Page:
Two brothers Peder and Clemens settled in the Germantown section of Philadelphia and began to farm after arriving in the colonies in 1737. They made friends with Indian natives and were against slavery. Peder moved to Hagerstown, Maryland in 1740, and built a wagon making factory next to his home. He also began building roads, the Broadfording Wagon Road, and a bridge across Conococheague Creek. He would eventually own more than one thousand five hundred acres, and is often credited for the technology that led to the designs of the Conestoga Wagon and the Prairie Schooner. Mills and wagon making operations continued with his descendents in the area around Hagerstown through the end of the 18th century and into the 19th.
Several generations later, John Clement Studebaker, had moved to Gettysburg in 1830 north of the Hagerstown area, opened a blacksmith and wagon making shop, which suffered during an economic depression. In 1836, John Clement Studebaker had moved his young family, including Henry, Clement, and John M. to Ohio. Fortunes in Ohio were similar to those in Gettysburg, and the family moved west again, settling in what would become South Bend, Indiana in 1851.
The Studebaker Business After Wagons
With the advent of the horseless carriage, the car, the Studebakers began to make plans for their own version in 1895. The firm, now run by John M. Studebaker's son-in-law Fred Fish, developed an electric car, manufacturing it from 1902-1911.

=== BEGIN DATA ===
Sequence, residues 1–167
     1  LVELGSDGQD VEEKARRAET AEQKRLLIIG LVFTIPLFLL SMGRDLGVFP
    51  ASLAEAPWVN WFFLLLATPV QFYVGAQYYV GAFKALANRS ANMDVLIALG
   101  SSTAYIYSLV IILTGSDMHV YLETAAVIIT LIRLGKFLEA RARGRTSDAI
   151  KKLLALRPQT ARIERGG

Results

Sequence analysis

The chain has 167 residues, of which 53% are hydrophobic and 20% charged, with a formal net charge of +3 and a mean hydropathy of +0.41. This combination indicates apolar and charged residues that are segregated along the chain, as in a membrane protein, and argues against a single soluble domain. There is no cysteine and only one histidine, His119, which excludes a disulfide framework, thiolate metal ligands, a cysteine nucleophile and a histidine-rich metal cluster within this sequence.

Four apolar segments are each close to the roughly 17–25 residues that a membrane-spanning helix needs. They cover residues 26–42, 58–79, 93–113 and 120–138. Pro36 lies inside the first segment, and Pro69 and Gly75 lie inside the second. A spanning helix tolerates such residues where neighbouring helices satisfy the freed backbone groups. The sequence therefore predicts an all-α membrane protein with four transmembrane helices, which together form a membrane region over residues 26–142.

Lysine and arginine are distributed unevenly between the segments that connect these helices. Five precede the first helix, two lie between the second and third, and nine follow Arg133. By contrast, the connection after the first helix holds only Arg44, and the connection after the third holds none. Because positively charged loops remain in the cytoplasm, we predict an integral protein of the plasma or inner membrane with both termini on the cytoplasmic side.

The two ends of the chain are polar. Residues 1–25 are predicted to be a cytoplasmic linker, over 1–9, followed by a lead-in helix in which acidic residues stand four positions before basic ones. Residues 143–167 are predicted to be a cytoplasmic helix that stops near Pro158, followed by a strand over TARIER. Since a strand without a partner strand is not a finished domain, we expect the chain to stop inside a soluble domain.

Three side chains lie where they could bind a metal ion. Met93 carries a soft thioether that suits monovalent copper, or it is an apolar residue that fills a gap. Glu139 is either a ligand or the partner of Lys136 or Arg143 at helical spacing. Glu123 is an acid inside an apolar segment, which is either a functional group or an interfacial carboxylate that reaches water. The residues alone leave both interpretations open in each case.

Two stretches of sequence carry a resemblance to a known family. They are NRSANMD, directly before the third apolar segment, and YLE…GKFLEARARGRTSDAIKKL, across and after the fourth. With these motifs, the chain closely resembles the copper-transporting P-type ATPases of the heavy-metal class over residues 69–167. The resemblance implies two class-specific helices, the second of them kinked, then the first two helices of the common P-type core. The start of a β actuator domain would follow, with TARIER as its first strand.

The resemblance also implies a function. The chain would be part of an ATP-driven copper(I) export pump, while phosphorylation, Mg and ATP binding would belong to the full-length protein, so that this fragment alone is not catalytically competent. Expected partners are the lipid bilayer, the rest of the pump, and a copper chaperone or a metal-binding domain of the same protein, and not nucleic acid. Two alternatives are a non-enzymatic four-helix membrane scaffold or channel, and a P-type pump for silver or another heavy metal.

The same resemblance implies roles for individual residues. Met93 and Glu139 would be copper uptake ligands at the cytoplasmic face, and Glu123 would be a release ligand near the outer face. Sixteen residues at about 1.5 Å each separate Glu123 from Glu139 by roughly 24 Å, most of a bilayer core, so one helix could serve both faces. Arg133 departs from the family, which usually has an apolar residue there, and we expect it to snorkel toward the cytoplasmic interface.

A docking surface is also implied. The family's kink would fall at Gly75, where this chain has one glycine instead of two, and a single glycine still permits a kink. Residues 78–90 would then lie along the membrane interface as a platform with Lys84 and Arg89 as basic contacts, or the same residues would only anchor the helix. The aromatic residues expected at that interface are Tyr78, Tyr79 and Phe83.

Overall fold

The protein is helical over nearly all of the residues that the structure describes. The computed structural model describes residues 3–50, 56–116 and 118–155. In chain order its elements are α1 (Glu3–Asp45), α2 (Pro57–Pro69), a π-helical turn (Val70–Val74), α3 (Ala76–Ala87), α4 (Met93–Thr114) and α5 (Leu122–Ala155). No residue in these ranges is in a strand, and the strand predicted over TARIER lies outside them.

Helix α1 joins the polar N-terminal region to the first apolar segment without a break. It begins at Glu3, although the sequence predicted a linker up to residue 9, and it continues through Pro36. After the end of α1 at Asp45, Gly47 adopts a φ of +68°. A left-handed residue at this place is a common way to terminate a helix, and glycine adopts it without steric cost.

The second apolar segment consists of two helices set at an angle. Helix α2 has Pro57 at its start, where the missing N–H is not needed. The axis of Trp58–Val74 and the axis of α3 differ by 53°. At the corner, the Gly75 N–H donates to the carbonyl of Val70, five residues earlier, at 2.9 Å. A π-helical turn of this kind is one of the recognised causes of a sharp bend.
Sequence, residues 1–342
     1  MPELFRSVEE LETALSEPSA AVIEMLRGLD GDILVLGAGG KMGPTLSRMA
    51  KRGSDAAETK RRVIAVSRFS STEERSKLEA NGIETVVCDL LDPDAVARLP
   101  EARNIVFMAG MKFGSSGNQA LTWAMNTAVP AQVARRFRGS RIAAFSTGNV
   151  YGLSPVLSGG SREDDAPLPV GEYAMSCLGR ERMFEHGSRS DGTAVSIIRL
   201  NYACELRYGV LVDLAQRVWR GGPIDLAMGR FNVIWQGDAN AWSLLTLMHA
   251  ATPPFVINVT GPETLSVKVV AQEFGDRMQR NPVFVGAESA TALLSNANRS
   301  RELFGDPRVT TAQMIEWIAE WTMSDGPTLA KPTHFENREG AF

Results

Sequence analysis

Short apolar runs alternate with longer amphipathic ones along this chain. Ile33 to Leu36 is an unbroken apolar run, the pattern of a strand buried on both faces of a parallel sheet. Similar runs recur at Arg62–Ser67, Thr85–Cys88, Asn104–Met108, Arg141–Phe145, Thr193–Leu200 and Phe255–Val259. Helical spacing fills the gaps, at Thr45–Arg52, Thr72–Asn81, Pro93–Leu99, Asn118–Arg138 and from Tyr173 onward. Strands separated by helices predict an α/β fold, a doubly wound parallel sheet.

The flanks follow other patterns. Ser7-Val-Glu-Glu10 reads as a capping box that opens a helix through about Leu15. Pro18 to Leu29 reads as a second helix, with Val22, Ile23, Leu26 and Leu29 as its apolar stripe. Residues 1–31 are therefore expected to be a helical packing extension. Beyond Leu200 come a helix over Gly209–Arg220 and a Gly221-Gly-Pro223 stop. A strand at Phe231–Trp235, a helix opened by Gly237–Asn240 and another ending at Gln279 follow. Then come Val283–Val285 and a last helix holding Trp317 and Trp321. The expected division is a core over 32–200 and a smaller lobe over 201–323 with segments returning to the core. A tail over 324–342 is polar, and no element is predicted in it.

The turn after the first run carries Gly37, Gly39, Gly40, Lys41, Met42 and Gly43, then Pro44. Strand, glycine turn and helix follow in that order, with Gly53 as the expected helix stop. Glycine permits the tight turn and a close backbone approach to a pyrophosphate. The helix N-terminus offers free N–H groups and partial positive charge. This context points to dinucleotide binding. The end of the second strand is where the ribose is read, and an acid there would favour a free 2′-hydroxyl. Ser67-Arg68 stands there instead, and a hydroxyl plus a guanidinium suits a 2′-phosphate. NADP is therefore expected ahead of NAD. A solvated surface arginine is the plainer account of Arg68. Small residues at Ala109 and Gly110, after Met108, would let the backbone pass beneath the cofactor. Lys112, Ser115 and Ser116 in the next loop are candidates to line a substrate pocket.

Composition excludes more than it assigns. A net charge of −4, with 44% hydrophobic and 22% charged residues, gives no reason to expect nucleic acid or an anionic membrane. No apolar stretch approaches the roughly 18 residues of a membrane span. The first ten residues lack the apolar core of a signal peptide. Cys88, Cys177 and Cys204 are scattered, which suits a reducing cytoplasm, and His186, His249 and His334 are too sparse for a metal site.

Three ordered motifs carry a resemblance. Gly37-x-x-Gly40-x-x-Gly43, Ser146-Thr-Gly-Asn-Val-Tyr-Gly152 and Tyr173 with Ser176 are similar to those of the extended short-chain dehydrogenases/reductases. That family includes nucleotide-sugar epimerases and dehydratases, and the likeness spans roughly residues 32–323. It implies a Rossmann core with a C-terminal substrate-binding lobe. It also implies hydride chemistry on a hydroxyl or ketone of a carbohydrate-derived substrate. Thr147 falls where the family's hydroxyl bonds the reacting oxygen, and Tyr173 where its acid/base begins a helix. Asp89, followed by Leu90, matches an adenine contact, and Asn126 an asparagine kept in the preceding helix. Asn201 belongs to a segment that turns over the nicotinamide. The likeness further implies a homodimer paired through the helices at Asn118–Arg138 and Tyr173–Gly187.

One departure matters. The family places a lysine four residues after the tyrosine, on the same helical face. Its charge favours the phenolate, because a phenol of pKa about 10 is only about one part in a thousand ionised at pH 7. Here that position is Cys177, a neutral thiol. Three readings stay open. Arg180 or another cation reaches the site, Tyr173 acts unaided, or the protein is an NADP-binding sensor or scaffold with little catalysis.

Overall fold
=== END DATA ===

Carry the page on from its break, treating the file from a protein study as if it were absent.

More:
They entered into agreement for manufacturing parts for gas-powered companies, then partnered with Garford in 1904 and began making gas powered cars under the Studebaker-Garford name through 1911. After that date they were building cars under the Studebaker name, buoyed by British, French, and Russian Army needs during World War I for traditional wagons, plus cars. The transition to cars from wagons was complete by 1919 when the last wagon gear was removed from the Studebaker plants. In 1918, the production of cars, 100,000, had surpassed that or horse-drawn wagons, 75,000, for the first time.
By 1929, there were fifty models of cars and trucks, and dividends to stockholders in the Studebaker Corporation now received ninety percents of profits. The capacity of their plants was 180,000 cars per year and employment had reached 23,000. While the Great Depression hit the Studebaker company in similar ways to most, they rebounded after that, prospering through the 1940's. When Ford and General Motors began their expansion campaign in the 1950's, including severe discounting of prices, the fate of independent car makers such as Studebaker, Packard, Hudson, and Nash, was in jeopardy. Even with a partnership with Packard, and continuation of building cars through March 17, 1966, the Studebaker would cease production, eventually selling its remaining division to American Motors in 1970.
Photo above: Studebaker Centennial Wagon, 2016, Carol M. Highsmith photo from Studebaker National Museum, South Bend, Indiana. Courtesy Library of Congress. Below: Studebaker Brothers (left to right); Clem, Peter, Henry, Jacob, and John M., date unknown. Courtesy Wikipedia Commons via "A Century on Wheels: The Story of Studebaker, 1952 and History of the Studebaker Corporation, 1918. Info source: From Horses to Horsepower, Smithsonian Libraries; stude100.com; Studebaker National Museum; Wikipedia Commons.